God is more consuming, more fulfilling than all those things.  The grail we seek is God alone.  But talking about God is not the same as searching for God, all the simple saints, all the fallen hierarchs to the point.  To be a contemplative we must seek God in the right places: within the sanctuary of the centered self” (Illuminated Life: Monastic Wisdom for Seekers of Light, Sr. Joan Chittister, OSB).

When Jesus gave Himself over to suffering and death on the Cross, He taught us among many things, to ask ourselves the question “Who am I?”   I believe that when Jesus said “Everyone who belongs to the truth listens to my voice, ” He was telling Pilate an us to search for union with God by asking ourselves the question “Who am I?”   Not who we wish to be.  Not who we were in the past.  The question is, “Who am I?”  Right here.  Right now.  That truth that Jesus was speaking of is our true sense of ourselves.  Are we centering ourselves on being liked, preferred, approved of, what we own, what we do, our status, our title, our pride?  These things are part of our false-sense of self.  Our true sense of ourselves is letting go of all of that and living from the essence of who we are with total self sacrificial love for Christ who gave Himself up for us all.  I suggest that in the Death and Resurrection God tells us through Jesus that “Yes this is possible even for you, because I love you.”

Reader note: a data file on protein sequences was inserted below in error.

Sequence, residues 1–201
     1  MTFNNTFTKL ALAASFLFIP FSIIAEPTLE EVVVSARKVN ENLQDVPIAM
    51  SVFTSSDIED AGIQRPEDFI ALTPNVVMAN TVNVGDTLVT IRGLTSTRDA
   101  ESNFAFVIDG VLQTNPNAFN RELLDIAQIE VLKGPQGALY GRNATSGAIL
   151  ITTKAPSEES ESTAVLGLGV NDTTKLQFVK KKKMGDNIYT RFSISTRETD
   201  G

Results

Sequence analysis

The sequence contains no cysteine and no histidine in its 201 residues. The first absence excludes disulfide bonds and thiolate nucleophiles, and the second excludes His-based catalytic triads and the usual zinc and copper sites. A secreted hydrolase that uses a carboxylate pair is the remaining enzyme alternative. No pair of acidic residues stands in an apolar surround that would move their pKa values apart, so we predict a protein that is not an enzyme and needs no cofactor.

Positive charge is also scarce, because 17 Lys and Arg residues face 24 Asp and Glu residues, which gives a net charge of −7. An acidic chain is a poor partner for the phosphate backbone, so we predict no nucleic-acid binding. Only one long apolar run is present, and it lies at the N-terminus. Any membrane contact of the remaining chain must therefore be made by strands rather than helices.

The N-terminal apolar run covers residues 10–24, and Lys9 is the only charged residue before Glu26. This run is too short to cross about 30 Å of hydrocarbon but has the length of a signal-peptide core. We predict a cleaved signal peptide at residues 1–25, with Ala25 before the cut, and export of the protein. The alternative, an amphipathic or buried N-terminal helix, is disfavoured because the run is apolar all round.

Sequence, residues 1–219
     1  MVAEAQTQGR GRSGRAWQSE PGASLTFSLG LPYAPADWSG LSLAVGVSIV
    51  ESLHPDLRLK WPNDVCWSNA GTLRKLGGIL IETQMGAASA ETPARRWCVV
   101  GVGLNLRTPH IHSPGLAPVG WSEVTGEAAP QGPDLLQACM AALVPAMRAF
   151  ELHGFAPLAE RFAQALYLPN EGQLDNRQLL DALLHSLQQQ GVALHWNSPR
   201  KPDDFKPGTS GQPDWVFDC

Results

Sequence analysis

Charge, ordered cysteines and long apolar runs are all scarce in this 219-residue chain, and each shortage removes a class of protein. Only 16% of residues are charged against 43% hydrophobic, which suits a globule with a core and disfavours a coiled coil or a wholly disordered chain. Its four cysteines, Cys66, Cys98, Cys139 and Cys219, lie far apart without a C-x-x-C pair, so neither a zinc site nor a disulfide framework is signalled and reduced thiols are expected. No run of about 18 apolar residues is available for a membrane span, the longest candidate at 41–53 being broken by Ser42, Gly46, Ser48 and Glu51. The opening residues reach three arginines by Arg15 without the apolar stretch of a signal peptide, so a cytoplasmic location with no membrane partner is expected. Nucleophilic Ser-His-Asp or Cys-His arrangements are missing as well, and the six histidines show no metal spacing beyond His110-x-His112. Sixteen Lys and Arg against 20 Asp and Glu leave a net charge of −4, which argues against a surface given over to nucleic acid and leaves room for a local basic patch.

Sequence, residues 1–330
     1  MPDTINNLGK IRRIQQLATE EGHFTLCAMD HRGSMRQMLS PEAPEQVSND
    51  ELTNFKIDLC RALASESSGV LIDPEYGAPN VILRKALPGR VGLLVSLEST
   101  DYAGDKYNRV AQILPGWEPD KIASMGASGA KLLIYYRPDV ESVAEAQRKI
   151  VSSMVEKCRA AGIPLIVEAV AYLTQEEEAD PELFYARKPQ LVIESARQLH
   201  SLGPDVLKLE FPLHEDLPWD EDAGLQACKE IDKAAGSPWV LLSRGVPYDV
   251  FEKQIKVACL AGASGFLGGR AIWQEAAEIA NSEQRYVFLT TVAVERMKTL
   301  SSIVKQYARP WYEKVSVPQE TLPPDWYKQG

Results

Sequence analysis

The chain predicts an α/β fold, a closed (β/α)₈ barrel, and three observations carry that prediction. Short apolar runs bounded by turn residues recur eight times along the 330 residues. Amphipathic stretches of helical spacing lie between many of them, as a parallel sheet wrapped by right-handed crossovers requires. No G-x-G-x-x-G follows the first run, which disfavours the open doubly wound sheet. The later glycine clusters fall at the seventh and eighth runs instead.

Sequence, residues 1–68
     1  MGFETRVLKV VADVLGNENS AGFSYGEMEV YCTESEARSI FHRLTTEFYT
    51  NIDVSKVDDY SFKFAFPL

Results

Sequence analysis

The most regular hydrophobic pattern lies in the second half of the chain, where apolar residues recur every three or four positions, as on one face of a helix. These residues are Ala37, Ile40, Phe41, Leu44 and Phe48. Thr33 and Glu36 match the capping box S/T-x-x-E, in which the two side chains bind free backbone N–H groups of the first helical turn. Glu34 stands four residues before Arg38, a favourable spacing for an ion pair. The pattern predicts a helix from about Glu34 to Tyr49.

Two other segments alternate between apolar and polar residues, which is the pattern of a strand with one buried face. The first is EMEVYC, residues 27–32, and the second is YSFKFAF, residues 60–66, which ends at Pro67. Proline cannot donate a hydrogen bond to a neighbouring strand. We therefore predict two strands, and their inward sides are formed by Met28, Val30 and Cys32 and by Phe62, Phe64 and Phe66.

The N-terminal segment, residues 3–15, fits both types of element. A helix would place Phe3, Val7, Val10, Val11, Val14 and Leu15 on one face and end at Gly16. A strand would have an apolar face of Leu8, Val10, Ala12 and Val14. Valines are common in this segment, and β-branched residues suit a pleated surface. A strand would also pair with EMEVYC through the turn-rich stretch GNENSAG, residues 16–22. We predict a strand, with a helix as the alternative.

“Let them prefer nothing whatever to Christ, and may he bring us all to everlasting life” (The Rule of Saint Benedict in Latin and English. Chapter 72:11, 12. p.295).

What is your response to the question “Who am I?”


Brother Anselm Philip King-Lowe, OSB


Advent Reflection: No Need to Speak



For the word of the Lord has sounded forth from you not only in Macedonia and Achaia, but in every place where your faith in God has become known, so that we have no need to speak about it.  (1 Thessalonians 1:8).

Saint Benedict regarded silence as one of the most important aspects of Monastic life.  In Chapter 6 in The Rule Benedict he wrote: